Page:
Packing the Suitcase and signing off

To all you wonderful readers of A Suitcase of Methods:

Thank you for your time and your interest in the blog and our work. The project has come to an end, and I am closing the lid on the Suitcase. But you will still be able to read our reports and watch our videos here on the blog.

Moreover, the qualitative work with audience experiences will continue, and if you have any questions or comments, you are more than welcome to reach out to me, Nina Gram, on

A special thanks to Bikubenfonden, who with their love for art & culture and their generosity has made this work possible.

I wish you happy holidays and many inspiring theatre experiences in the new year.

A Suitcase of Methods,
Nina Gram

How can we talk about data in creative organisations?

One thing is how we collect data about audience (we have discussed that in lengths in A Suitcase of Methods). Another thing is how we talk about and implement our findings in culture organisations afterwards. We have explored this question in A Suitcase of Methods’ final workshop (perhaps you saw the video here) and in our final report, which you’ll find below.

Find the English report here



Find the Danish report here.


Summing up A Suitcase of Methods

A Suitcase of Methods is going into its final phase, and it is time to look back and sum up what we have done and what we have learned.

We are ready with our report #17 Vulnerability & Relationship, which will be the second to last report in the project. Here you can get an overview of our surveys and projects and learn more about why our findings point at vulnerability and relationship as findamental values when working analytically with audiences and when trying to implement this knowledge in creative organizations.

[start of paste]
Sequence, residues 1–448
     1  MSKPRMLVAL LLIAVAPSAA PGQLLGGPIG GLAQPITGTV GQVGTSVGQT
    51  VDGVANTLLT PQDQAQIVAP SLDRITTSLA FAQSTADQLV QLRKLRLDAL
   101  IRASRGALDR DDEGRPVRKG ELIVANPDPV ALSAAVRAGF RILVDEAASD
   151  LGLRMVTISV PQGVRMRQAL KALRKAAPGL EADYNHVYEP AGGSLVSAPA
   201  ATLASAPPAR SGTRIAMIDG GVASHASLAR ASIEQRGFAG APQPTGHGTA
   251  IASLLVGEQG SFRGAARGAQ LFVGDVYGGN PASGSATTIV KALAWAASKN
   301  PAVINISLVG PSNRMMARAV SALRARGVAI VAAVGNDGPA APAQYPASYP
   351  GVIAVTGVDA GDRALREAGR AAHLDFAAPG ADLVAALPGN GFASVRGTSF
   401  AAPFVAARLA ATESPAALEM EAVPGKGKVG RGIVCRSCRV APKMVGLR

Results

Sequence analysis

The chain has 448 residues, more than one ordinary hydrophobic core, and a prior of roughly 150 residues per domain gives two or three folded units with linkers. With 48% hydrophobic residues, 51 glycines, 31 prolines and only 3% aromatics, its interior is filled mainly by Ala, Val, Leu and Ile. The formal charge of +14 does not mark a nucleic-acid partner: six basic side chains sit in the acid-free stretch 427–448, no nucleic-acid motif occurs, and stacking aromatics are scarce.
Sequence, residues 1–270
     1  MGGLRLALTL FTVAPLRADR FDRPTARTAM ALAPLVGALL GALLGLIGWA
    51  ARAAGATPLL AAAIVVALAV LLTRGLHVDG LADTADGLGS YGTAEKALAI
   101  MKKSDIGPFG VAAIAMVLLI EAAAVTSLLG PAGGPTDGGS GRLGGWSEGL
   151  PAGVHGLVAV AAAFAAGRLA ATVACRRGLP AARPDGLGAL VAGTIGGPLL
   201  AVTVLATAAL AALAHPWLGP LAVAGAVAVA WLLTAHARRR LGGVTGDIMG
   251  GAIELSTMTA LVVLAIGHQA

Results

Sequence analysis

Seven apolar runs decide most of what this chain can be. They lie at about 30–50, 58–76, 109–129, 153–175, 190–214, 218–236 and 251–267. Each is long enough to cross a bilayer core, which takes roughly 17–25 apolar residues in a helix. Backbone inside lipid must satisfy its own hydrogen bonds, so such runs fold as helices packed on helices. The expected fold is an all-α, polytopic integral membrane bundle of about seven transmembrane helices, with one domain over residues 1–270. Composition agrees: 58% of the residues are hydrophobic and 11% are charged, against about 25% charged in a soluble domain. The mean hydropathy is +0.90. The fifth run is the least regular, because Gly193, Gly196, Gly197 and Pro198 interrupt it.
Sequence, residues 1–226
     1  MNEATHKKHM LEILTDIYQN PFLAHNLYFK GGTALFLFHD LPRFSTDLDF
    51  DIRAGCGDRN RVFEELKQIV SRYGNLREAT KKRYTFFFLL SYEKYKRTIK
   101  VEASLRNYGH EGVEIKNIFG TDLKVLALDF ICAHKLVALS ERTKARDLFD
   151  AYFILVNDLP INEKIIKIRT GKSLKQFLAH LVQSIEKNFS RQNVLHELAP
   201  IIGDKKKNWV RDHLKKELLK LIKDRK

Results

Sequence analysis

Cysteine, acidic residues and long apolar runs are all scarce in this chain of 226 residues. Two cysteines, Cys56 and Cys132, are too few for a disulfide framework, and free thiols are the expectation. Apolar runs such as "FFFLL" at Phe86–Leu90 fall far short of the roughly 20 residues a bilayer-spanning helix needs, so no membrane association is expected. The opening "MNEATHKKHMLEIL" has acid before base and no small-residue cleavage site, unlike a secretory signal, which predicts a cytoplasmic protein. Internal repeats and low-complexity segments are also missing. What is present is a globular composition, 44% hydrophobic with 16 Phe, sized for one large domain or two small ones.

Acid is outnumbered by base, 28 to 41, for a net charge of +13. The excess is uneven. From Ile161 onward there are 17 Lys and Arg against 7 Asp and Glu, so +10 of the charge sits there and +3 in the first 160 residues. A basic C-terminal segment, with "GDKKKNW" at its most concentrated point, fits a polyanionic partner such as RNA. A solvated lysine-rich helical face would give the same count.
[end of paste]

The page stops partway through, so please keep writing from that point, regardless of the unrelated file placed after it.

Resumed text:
Read the Danish version of our Report #17 (Sårbarhed og relation) here and the English version here.

Publikumsudvikling – om det komplekse begreb og den svære balance

[This post is in Danish as it introduces a Danish article]

Publikumsudvikling som begreb bliver mere og mere brugt og udbredt. Samtidig bliver den specifikke betydning tilsyneladende stadig mere uklar. Måske er det også derfor, at Birgitte Holt Nielsen fra den Jyske Opera i en aktuel artikel kalder begrebet for forfærdeligt. Derudover ligger der i ordet en lidt forældet forestilling om, at organisationerne ved mere og skal udvikle et publikum i en retning, så de lærer at holde af de produkter, organisationen tilbyder dem. Den tænkning har de fleste kulturorganisationer udviklet sig væk fra, og publikumsudvikling indbefatter nu ofte alt fra out reach-programmer og -initiativer til publikumsdata og publikumskontakt.


I A Suitcase of Methods og på Det Kongelige Teater taler vi dog mere om publikumsfokuseret arbejde, hvilket understreger, at det handler om, at vi har publikum i tankerne, når vi arbejder med scenekunst. Ikke for at give dem præcis hvad de vil have, men for at øge vores forståelse for, hvem vores publikum er, og hvilke oplevelser vi giver dem, når de sidder i auditoriet eller på anden måde er i kontakt med teatret.

Iscene har i samarbejde med Applaus skrevet en artikel om publikumsudvikling, hvor jeg sammen med Michael Bojesen fra Malmö Opera og Birgitte Holt Nielsen fra Den Jyske Opera beskriver, hvordan vi på Det Kongelige Teater og i A Suitcase of Methods arbejder med begrebet. Find artiklen her


Reading Right Now #6: RethinkIMPACTS

– The evaluation of Aarhus as European Capital of Culture 2017

Evaluating cultural events is always challenging. But evaluating the impact of an entire year of cultural initiatives, performances, shows etc. can seem almost impossible. Nevertheless this is what the new report RethinkIMPACTS2017 aims to do, and therefore it is profoundly interesting for The Suitcase, and it is what we are ‘reading right now’.

Foto: Jan Kejser

Foto: Jan Kejser